Archive for the
‘Internet’ Category

Video content for a camera that’s favored by the extreme activity set tops YouTube’s Brand Channel Leaderboard.

YouTube launched, with little fanfare, a list of the top 10 highest performing, most engaging and shareable brand channels. It looked at which brands have the most watch time, repeat viewership, likes and shares, and other factors to determine which have the most active fan bases.

This from Google:

“As brands continue to blur the line between advertiser and creator, we want to recognize those brands that regularly publish content—paid or otherwise—to build an engaged fan base.”

GoPro is the No. 1 brand channel for March. Customers to its official site can narrow their search for merchandise like cameras, software, mounts and accessories based on activities like skydiving, rock climbing or wakeboarding. There’s even a bundle of products for those in the military.

Six Pack Shortcuts, No. 2 on the leaderboard, offers extreme exercise advice on how to get a ripped body and six pack abs. Interestingly, YouTube at one time suspended the account of the channel’s owner, fitness specialist Mike Chang, and blocked all the content. Google now says Six Pack Shortcuts creates content “based on who is responding to its videos to drive continued engagement.”

And the one you’ve probably not familiar with, unless you’re one of its fans? Rainbow Loom, known for its colorful rubber band bracelets.

Its introductory video has been viewed 1.6 million times, and Google says the channel has built a passionate fan base through its instructional videos and user-generated content.

The others that made the list:

  • Sony Playstation
  • Warner Bros. Pictures
  • League of Legends
  • Sony Pictures
  • Call of Duty
  • Nintendo
  • Game maker Ubisoft

 

 

The number of consumers with more than one digital device continues to grow, and they are hungry for content.

mobilecontentDeloitte recently released the findings of its eighth Digital Democracy Survey, which show that over a third of U.S. consumers – 37 percent – are digital omnivores, consumers who own tablets, smartphones and laptops. That’s a 42 percent increase from the previous year.

The growth is primarily driven by continued tablet usage and increased smartphone ownership. Tablet ownership rose from 13 percent in  2011 to 48 percent last year, according to Deloitte.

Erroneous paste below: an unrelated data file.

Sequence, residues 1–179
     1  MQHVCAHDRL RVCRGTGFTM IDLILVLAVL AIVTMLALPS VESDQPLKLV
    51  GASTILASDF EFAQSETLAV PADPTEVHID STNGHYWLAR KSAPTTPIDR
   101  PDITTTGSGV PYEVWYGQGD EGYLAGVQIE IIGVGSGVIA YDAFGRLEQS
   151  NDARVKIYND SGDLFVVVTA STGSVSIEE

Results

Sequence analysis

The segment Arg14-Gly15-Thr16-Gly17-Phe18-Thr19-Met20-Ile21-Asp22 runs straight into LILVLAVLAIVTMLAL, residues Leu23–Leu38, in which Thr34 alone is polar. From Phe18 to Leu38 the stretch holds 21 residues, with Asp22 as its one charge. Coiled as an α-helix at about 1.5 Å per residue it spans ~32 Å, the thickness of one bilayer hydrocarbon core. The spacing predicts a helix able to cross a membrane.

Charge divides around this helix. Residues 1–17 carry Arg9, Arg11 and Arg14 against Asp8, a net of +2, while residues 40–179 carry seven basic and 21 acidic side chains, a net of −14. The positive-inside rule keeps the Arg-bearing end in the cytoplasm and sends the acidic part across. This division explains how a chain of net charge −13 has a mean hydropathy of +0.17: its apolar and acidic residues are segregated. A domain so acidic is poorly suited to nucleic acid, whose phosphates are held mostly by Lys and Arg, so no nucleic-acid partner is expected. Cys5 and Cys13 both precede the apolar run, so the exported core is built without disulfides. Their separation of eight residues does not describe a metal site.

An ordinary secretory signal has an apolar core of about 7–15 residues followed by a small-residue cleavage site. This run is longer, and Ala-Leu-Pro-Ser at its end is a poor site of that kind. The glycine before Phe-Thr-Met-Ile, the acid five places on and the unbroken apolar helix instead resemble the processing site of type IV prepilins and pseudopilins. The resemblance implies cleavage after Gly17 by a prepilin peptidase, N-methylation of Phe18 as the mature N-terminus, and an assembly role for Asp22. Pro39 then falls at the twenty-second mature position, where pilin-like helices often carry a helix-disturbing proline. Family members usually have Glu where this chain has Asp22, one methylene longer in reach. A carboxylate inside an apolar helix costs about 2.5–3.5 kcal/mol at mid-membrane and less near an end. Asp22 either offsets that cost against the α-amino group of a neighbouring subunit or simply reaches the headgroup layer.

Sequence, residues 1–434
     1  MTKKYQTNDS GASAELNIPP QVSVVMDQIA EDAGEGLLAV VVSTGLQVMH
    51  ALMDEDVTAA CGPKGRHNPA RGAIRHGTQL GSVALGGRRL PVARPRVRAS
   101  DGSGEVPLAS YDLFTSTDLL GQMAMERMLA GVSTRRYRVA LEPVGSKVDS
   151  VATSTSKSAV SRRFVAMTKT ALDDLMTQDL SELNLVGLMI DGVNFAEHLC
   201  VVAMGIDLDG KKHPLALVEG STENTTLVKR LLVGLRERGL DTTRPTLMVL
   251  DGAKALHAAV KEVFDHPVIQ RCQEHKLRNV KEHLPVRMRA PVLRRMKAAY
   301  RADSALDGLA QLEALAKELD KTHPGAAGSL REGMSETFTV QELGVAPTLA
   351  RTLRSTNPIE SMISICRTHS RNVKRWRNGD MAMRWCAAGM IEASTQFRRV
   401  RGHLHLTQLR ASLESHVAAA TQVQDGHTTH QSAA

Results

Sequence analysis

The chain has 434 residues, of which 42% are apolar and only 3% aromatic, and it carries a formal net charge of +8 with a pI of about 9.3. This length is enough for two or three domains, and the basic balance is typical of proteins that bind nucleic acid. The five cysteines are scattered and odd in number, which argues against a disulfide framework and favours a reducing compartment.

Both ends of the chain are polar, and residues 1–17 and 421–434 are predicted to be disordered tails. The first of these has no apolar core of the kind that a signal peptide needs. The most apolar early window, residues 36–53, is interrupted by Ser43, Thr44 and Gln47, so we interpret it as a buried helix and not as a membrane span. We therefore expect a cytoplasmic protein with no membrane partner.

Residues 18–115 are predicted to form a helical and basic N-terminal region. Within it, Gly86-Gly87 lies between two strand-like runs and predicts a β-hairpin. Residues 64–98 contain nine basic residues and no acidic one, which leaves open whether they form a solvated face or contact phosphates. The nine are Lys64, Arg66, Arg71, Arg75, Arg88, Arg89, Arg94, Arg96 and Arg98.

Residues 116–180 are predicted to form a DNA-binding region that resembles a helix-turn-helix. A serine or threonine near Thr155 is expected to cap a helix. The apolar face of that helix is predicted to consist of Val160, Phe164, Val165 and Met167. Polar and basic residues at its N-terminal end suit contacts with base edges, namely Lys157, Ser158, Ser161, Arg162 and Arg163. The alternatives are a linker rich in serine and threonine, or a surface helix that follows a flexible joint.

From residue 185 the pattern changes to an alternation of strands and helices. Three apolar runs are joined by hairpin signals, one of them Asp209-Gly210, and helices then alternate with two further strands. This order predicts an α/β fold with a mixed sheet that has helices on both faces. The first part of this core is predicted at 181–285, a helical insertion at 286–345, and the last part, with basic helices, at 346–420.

In addition, women, who made up 35 percent of digital omnivores a year ago, now comprise 45 percent of the group.

As the usage of tablets and smartphones as content devices grows, owners are craving more content. Interest in streaming content has nearly doubled, from 17 percent in 2012 to 32 percent in 2013, with interest in digital formats outpacing demand for physical media.

But Deloitte’s survey also found that consumers remain content with pay TV subscriptions, with only 6 percent saying they would give up their paid TV services next year.  Also, a majority of consumers said they still prefer to rent movies and television programming rather than purchase it.

With ownership of multiple devices on the rise, so is multitasking. According to Deloitte’s survey, 86 percent of consumers continue to be distracted by another device with watching TV, up from 72 percent in 2011. Yet only 22 percent of those involved in multitasking are doing activities directly related to the programs they are watching.

Millennials, those in the 14-to-24 demographic, are the most active of multitaskers, doing four activities while watching TV.

You can read more about Deloitte’s Digital Democracy Survey here. Feel free to tell us what you think.

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Companies still have a way to go when it comes to embracing mobile technology, according to a new survey.

Just over a quarter of U.S. companies – 28 percent – do not have a mobile technology strategy, according to a Robert Half Technology survey.

The survey is based on 2,300 telephone interviews with chief information officers from a random sampling of U.S. companies.

In the same survey, 70 percent of the firms have some type of mobile strategy, with the majority – 56 percent – saying they use a blend of apps  and mobile-friendly websites.